The decision to transfer Guantánamo Bay detainee Abdel Malik Wahab al Rahabi to Montenegro shows Obama is placing political agenda above national security, Republicans have complained, the chairman of the House Foreign Affairs Committee stating that the move was part of a “troubling trend” in which “dangerous jihadists are being released to foreign countries that are ill-equipped to handle them.” [The Hill’s Rebecca Kheel]

The Middle East Quartet is expected to use “unusually tough language” against Israel’s settlements policy in a forthcoming report, which is to be discussed when Israeli Prime Minister Benjamin Netanyahu arrives in Rome, Italy, on Sunday for the start of three days of “intense diplomacy” involving US Secretary of State John Kerry and the EU’s foreign policy chief Federica Mogherini. Also under discussion will be the need to conclude negotiations on a 10-year defense agreement between Israel and Washington, and the “looming” French-organized peace conference. [Al Jazeera]

The White House is seeking to cement the nuclear agreement with Iran by paving the way for companies to complete deals with Iran, making it hard for future administrations to undo the agreement, according to US officials. This week’s $17.6-billion deal between Iran and Boeing Co. for the sale of commercial jets was a huge boost to this approach, report Carol E Lee and Jay Solomon in the Wall Street Journal.

Member states have the primary responsibility for the defense of their countries, the chairman of NATO’s Military Committee said yesterday, referring to Article 3 of the treaty, which states the need for every country to do everything it can to provide for its own defense, while NATO’s multinational forces will be “secondary to respond.” [AP’s Monika Scislowska]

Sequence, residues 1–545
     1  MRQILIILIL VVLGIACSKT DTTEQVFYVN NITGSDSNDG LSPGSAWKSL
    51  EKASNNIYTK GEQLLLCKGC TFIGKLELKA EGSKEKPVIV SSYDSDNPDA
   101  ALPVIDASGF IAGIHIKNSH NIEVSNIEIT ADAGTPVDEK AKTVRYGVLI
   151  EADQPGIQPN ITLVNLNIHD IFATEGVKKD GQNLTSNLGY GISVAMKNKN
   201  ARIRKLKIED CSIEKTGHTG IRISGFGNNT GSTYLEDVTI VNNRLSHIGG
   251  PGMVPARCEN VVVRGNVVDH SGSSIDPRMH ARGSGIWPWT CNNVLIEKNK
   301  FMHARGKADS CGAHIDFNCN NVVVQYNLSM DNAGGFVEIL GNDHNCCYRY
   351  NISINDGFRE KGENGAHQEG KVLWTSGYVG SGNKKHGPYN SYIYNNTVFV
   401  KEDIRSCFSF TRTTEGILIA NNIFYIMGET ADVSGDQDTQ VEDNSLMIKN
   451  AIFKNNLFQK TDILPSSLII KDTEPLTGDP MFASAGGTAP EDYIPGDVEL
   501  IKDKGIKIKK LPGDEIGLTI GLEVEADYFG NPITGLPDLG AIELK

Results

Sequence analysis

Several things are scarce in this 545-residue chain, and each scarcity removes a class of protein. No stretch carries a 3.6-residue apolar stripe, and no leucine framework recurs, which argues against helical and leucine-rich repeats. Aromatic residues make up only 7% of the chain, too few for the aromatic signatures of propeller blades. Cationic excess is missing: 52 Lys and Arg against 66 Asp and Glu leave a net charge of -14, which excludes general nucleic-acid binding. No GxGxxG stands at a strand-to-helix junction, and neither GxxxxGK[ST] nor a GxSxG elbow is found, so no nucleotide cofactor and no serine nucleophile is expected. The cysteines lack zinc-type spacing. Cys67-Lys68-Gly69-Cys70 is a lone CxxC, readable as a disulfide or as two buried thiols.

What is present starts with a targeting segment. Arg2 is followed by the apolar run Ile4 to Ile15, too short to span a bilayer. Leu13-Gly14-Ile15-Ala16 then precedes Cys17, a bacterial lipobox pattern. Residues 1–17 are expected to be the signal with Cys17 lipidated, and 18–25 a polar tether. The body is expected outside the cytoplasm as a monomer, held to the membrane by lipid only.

The trial of the suspected mastermind behind the 2012 attack on a US compound in Benghazi, Libya, has been set for September 2017. The US District Court for the District of Columbia has released an order setting out a timeline for the trial of Ahmed Abu Khattala, accused of killing four American citizens. The Justice Department announced last month it would not seek the death penalty, reports Julian Hattem for The Hill.

Former Clinton aide Bryan Pagliano answered “virtually no questions” during a 90-minute deposition as part of an open records lawsuit this week, speaking only to plead his Fifth Amendment right against self-incrimination. His refusal to answer questions may increase the prospect that Hillary Clinton herself will be interviewed as part of the investigation into her use of a private email server while serving as secretary of state, suggests Julian Hattem. [The Hill]

The parents of a British man believed to have joined the Islamic State in Syria have been charged with funding terrorism, having allegedly sent payments to their son, Jack Letts – dubbed “Jihadi Jack” by the media – since his 2014 departure. [AP] 

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About the Author(s)

Zoë Chapman

Former Assistant News Editor at Just Security, Legal Researcher at UK-based human rights organization, JUSTICE